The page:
Tuesday, February 19, 2008

Throne Room, Part 2

I had help again for this post as I'm not that familiar with this sequence. From what I remember the studio concentrated during 1990 on scenes with action, long shots, crowd scenes, scenes with a lot of effects. I remember Dick talked often about our learning curve and that he was saving the acting scenes for later. My guess is that a lot of this sequence was animated during 1991. In some versions of the "workreel" there are some scenes that had not gone through T&P, they might even have been done early in 1992. I think the studio got closed down in May 1992.

Left and Middle: Dick
Right: Zigzag by Dick. Andreas animated the courtiers. The Palanquin and the Eunuchs were done by Bob Wilk (see recent photo). Paul Chorley usually assisted on Bob's scenes.This is the same scene I talked about in my Conrad Veidt post.


Left: Dick
Middle: Zigzag by Dick, Palanquin and Eunuchs as usual by Bob, Yumyum - not sure, Dick or Alyson.
The Courtiers (by Andreas) come in for a few frames at the end
Right: most likely Alyson.

Left and Middle (same scene): Dick
Right: Alyson

Left and Middle (same scene): Dick
Right: Dick
I think these pencil roughs were done during the time when Dick was pressured to fill in the gaps of the film with storyboards. The storyboards he did in color on small cards without registration holes to force himself "not to animate". In this case he apparently preferred to pose out the scene as animation roughs, maybe with the idea to give it to somebody else to tie down.


Left: Alyson
Middle: Zigzag and King probably by Dick, Yumyum by Dick or Alyson
Right: Andreas

Left: (see Throne Room Part 1) Courtiers by Andreas, Guards by Neil, Cobbler by Art/Dick
Middle: Alyson
Right: Alyson
If you have a chance to watch this, look at all the stuff falling off the Cobbler. Cool secondary animation. I also love the use of reflections in the Throne Room sequences. The BG design is still completely flat, but all reflections are dimensional, not just flipped versions of the drawing. It's a lot of work because you have to draw things as if seen from underneath. The first film that did this as far as I know was "Three Orphan Kittens" in 1935. Dick and Roy paid homage to this film in the Maroon Cartoon at the beginning of "Roger Rabbit" not only in regards to the use of reflections but also with the nice perspective camera move that Roy animated.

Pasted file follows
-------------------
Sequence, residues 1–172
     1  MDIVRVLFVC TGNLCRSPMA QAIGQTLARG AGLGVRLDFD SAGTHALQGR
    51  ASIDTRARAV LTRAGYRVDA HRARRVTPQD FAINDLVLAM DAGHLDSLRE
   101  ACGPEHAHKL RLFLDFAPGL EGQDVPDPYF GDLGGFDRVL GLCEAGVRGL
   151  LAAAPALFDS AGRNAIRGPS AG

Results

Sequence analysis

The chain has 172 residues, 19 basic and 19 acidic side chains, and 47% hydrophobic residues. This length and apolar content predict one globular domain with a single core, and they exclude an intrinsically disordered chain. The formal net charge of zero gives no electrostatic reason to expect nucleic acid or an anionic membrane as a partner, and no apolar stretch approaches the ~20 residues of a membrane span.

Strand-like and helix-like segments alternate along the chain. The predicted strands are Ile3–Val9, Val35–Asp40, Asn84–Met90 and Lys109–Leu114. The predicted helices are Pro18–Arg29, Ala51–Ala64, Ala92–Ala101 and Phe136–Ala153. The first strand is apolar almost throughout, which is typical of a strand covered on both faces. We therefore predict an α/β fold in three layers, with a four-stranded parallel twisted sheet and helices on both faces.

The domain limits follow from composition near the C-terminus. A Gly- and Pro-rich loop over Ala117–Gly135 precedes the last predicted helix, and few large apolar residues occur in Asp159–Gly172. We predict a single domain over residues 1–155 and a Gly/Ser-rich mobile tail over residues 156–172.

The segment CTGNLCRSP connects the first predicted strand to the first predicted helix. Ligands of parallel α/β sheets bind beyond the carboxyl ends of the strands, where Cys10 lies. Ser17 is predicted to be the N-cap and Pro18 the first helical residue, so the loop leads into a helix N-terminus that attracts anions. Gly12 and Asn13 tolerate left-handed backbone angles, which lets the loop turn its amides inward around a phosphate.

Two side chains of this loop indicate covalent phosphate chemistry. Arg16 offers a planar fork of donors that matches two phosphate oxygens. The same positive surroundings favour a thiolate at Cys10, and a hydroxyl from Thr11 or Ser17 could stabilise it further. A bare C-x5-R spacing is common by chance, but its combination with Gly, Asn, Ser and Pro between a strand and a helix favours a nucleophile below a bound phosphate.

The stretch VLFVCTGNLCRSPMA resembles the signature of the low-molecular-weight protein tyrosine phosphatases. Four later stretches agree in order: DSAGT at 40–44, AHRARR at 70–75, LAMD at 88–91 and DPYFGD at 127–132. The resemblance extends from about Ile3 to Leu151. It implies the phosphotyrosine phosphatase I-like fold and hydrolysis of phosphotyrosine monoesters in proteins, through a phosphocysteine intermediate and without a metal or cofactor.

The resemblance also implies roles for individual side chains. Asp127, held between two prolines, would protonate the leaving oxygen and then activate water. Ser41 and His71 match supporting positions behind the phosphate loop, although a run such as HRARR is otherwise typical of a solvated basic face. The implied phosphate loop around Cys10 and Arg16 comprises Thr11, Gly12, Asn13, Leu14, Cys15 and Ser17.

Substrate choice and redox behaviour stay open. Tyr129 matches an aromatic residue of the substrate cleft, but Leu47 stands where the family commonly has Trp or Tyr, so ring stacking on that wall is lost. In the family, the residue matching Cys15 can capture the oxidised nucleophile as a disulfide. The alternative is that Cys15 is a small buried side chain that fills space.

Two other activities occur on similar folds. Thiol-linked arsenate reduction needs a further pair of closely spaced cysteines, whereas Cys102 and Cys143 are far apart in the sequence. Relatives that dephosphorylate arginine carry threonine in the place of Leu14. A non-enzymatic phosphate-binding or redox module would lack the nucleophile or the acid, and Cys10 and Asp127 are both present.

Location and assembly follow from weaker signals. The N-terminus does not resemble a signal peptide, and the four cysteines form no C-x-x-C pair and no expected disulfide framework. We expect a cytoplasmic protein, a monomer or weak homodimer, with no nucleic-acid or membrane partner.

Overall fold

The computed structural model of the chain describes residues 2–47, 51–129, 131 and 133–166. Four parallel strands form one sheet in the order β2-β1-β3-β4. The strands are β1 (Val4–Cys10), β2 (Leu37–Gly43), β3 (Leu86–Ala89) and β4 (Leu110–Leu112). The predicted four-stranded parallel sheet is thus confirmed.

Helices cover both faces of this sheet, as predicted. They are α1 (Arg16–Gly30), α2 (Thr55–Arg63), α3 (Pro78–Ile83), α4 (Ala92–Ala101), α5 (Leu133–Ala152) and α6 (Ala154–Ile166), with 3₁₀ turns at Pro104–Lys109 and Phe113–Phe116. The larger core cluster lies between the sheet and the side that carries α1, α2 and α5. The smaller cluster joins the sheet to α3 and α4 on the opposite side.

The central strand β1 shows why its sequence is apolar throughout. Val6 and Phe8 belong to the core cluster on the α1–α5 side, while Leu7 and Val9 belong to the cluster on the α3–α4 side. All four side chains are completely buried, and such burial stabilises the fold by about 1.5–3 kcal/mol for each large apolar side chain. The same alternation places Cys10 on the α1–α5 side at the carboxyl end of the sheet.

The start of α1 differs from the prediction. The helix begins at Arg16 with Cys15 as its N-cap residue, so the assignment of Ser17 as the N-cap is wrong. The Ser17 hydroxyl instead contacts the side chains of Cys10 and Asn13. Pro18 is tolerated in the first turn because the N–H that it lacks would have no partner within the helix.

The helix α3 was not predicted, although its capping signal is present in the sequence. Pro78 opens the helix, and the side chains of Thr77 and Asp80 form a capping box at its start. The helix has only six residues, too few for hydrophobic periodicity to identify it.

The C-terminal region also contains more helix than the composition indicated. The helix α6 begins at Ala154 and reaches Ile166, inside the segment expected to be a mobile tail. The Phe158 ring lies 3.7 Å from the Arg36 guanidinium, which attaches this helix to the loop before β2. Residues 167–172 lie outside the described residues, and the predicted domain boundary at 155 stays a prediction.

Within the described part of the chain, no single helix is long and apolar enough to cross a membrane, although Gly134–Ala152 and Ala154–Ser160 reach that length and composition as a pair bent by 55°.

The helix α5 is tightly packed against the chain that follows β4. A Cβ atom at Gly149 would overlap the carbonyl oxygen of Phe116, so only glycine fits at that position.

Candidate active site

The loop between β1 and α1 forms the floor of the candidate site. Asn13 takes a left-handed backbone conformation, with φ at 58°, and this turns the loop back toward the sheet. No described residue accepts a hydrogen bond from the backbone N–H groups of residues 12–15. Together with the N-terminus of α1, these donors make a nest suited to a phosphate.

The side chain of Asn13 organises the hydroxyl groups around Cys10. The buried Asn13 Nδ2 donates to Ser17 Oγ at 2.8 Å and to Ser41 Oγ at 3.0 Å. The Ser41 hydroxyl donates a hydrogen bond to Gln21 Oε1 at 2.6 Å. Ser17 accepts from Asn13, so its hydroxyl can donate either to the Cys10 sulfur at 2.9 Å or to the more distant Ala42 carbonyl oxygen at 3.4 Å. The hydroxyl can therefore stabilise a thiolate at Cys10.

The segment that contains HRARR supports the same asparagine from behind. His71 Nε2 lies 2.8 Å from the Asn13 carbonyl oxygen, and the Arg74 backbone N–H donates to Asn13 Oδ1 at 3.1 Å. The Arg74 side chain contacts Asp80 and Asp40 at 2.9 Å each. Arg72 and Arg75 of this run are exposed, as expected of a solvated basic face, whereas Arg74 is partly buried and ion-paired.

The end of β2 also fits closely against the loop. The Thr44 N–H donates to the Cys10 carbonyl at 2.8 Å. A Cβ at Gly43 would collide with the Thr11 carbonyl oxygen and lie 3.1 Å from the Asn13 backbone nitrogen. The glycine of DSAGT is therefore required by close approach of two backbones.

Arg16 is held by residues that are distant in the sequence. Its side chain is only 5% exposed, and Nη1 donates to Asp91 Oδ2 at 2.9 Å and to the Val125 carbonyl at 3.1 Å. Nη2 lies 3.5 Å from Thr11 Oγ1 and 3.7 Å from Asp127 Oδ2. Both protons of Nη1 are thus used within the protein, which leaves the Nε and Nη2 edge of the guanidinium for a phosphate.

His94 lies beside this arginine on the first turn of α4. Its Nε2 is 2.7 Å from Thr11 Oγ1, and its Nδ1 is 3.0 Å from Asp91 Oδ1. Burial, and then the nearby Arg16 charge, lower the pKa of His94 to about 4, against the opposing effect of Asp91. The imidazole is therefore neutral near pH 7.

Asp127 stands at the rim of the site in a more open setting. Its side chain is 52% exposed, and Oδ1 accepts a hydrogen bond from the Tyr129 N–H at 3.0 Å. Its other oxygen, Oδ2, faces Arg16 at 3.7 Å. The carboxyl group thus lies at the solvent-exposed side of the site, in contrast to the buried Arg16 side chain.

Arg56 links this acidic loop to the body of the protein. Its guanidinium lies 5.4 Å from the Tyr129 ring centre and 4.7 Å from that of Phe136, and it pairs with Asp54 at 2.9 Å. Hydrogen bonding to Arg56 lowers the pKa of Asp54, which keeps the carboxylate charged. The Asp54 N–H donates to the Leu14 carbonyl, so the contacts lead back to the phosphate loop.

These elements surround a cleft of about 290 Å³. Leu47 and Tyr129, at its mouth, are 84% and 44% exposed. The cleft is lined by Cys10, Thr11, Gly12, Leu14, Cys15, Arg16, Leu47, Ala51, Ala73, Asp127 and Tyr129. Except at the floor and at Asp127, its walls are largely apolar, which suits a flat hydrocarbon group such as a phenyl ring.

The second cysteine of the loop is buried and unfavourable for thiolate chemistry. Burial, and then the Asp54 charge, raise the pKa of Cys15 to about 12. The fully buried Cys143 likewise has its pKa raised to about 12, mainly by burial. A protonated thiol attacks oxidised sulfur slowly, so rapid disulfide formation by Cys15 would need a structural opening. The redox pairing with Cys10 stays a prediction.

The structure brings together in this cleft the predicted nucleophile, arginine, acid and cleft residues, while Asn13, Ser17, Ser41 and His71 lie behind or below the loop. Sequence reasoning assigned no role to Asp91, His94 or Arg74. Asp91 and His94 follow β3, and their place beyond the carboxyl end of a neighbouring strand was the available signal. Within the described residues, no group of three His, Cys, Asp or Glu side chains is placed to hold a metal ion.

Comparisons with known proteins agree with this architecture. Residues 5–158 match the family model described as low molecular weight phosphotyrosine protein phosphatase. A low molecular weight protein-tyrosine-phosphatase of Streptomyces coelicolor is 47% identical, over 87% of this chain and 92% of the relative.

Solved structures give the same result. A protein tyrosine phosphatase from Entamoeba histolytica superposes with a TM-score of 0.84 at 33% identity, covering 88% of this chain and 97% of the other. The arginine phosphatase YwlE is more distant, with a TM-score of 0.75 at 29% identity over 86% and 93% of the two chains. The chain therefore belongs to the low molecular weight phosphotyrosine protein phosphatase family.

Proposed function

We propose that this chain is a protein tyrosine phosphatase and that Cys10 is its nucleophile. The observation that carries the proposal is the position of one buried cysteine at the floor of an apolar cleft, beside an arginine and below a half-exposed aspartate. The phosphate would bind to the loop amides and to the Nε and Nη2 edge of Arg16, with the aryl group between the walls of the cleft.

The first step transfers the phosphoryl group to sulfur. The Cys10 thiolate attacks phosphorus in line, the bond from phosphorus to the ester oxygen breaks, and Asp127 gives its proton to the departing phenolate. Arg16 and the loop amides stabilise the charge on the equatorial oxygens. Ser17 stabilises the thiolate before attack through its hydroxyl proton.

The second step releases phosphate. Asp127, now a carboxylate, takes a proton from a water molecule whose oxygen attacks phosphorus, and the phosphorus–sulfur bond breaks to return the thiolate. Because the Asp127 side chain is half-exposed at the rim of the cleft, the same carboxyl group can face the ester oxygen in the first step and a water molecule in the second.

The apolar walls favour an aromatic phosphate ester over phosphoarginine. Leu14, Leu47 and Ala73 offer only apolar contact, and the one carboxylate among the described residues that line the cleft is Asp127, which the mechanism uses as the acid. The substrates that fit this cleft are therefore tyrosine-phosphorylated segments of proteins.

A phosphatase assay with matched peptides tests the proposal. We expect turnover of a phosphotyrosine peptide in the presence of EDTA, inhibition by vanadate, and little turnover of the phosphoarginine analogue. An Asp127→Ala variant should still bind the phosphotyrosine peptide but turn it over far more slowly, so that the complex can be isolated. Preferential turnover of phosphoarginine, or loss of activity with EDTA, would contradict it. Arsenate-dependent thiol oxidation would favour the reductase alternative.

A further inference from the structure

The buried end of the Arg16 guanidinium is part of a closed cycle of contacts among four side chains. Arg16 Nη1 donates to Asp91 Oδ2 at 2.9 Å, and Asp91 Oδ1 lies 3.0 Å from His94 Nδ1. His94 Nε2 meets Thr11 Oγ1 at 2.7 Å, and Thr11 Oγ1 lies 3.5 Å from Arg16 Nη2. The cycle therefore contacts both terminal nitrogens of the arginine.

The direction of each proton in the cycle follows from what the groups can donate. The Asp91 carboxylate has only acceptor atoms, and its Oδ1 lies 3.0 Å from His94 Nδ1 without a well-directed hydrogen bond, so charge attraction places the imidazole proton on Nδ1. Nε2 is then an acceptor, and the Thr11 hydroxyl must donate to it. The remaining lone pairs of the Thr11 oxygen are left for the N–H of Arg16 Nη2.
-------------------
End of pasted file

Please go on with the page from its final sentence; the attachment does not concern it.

Left: Neil
Middle: Alyson
Right: Neil
I remember Dick at the video penciltester, figuring out the rhythm and timing for these head tilting scenes. I think it must have been during the "storyboard phase" because I remember the little color cards. Initially I had some doubts about his choices. When Yumyum leads with tilting her head to screen left, Cobbler follows with also tilting screen left. Then they do the same thing to screen right. Imagining the situation, them looking at each other, I felt that the Cobbler would actually mirror her action, which would result in him countering her screen left with a screen right. (If I'm not being clear here just ignore this, it's not important). I came to realize anyway that Dick's choices were the right ones, as proven by the final sequence which works beautifully. Intuition wins over logic.


Left: Alyson
Middle: Neil
Right: Alyson
Nice again the secondary animation on the ear rings, they just have the right weight.


Left: Zigzag by Dick, Cobbler by Neil, King and Yumyum (not sure)
Middle: (see Throne Room Part 1) Cobbler by Art/Dick, the rest by Neil
Right: Tim Watts

I have one more installment coming up to wrap up this first Throne Room sequence.

4 comments:

David Bernal said...

AWESOME blog!!! thanks a lot for posting all theses, its a joy to watch :)

aaron said...

This whole sequence is amazing, but I love the Tim Watts shot at the end most of all. Am I right in assuming he animated the other Zig Zag close ups later in sequence? Zig Zag is so expressive in those shots and I love how his hands are animated.

Holger said...

Yes, Tim did the next 2 close ups.
The ones after that are Dick's.

Victor Ens said...
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